The king’s heart is like channels of water in the hand of the LORD; He turns it wherever He wishes. Every man’s way is right in his own eyes, but the LORD weighs the hearts. To do righteousness and justice is desired by the LORD more than sacrifice.
John Calvin comments: “Does God work in the hearts of men, directing their plans and moving their wills this way and that, so that they do nothing but what He has ordained?” (Concerning the Eternal Predestination of God, p.174, emphasis mine)
Calvin adds: “The question is whether He has in His power also the depraved affections of the ungodly, moving them here and there so that they will what He has decreed they should do. Certainly when Solomon declares (Prov 21:1) that the heart of kings are in the hand of God so that He inclines it as He pleases, he shows that in general the will not less than external works are governed by the determination of God.” (Concerning the Eternal Predestination of God, p.174, emphasis mine)
Would that mean that God is moving and directing what was already fixed and decreed? The Calvinist argument is self-defeating, when considering that God “weighs the motives” (Proverbs 16:2) “weighs the hearts” (Proverbs 21:2) in “searching all the innermost parts of his being.” (Proverbs 20:27) What exactly would God be weighing and searching if He had decreed what He weighs and searches? These matters only make sense if man has a free-will that God is exploring, and just as reasonably, testing.
Leighton Flowers comments: “It is non-sensical to suggest God is restraining a will that He has already been meticulously controlling.” (Compatibilism’s Quandary)
Arminians, Walls and Dongell, comment: “Indeed, ‘the king’s heart is in the hand of the LORD; he directs it like a watercourse wherever he pleases’ (Proverbs 21:1). But it is unwarranted to transform this verse into the claim that God has actually chosen to control not only every decision of the king but also every decision made by every human being ever born. It is also unwarranted to extend focus of this verse from its assurance of God’s people that their leader is shaped by divine will, to a claim that the rise of saving faith in any individual heart has been unconditionally caused by God. Furthermore, this verse and others like it (e.g., Ps 135:6) can be parlayed into total determinism only by presuming that God’s will itself contains divine preferences for the movement of every molecule, for every electrical impulse, for every rustling leaf, for every human thought. Conclusions of these sorts can be reached only by importing convictions and beliefs into these texts.” (Why I am not a Calvinist, p.63)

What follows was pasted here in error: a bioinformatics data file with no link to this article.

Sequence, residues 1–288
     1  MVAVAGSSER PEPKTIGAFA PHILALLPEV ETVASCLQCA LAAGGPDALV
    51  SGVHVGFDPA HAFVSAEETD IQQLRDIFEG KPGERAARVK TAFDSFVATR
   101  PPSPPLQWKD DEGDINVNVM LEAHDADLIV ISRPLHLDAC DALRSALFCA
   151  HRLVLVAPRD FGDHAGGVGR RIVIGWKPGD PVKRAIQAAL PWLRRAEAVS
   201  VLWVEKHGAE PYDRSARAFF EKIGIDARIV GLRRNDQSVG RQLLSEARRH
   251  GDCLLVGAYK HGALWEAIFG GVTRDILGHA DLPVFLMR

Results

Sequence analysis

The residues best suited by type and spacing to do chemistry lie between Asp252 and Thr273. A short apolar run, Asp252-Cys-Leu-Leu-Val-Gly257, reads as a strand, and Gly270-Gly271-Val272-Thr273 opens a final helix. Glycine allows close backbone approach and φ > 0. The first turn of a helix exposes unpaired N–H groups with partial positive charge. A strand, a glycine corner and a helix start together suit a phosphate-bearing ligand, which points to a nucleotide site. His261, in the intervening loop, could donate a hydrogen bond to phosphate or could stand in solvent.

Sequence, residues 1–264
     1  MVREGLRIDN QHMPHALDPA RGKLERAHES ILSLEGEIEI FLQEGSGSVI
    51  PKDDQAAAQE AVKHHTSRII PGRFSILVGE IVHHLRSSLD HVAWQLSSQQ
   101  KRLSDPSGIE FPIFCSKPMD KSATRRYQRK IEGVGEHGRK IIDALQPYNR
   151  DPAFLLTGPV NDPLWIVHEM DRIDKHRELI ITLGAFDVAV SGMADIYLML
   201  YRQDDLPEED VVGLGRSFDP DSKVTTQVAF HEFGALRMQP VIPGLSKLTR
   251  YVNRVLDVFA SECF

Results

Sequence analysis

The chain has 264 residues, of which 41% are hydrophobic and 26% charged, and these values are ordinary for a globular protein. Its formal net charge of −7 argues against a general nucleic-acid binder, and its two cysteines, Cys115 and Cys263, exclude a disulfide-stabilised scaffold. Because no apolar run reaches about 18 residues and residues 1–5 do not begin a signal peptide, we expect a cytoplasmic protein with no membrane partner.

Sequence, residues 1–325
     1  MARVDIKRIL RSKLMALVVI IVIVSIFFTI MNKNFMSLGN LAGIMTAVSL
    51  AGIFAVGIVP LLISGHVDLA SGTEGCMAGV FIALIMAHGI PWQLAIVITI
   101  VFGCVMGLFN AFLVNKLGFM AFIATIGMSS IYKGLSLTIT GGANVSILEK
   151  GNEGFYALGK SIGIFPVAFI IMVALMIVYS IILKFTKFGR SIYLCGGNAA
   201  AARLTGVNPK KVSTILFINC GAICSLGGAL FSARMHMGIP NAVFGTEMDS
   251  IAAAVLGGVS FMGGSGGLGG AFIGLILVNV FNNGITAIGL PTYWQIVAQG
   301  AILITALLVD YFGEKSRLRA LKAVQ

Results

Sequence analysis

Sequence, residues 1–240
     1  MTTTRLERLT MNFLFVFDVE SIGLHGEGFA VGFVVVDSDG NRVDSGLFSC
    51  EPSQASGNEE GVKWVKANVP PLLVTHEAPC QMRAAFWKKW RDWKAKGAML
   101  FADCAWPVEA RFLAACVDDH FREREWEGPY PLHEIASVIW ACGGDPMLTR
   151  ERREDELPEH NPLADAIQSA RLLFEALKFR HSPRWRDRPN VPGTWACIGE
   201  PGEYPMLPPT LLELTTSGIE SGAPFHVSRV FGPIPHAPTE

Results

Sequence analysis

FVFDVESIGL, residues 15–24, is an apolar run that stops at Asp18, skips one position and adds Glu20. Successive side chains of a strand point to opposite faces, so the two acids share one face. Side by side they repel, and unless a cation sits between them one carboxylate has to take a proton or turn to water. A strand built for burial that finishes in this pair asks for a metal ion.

One member of The Society of Evangelical Arminians explains: “I don’t think verse 1 should be understood apart from verses 2 and 3. The king’s heart is like a stream of water when it is in the hand of the Lord, when the king submits himself to God for wisdom and guidance, for proper direction. That makes the text of 21:1 complementary to the following two verses. Calvinists, on the other hand, suggest that God directs the hearts of kings in all they do. But that would mean that God himself directed Solomon (as well as the other kings) to embrace idolatry, which is something that God directly repudiates in the Law. That would mean that God essentially commits the sin of Balaam for him.” (SEA)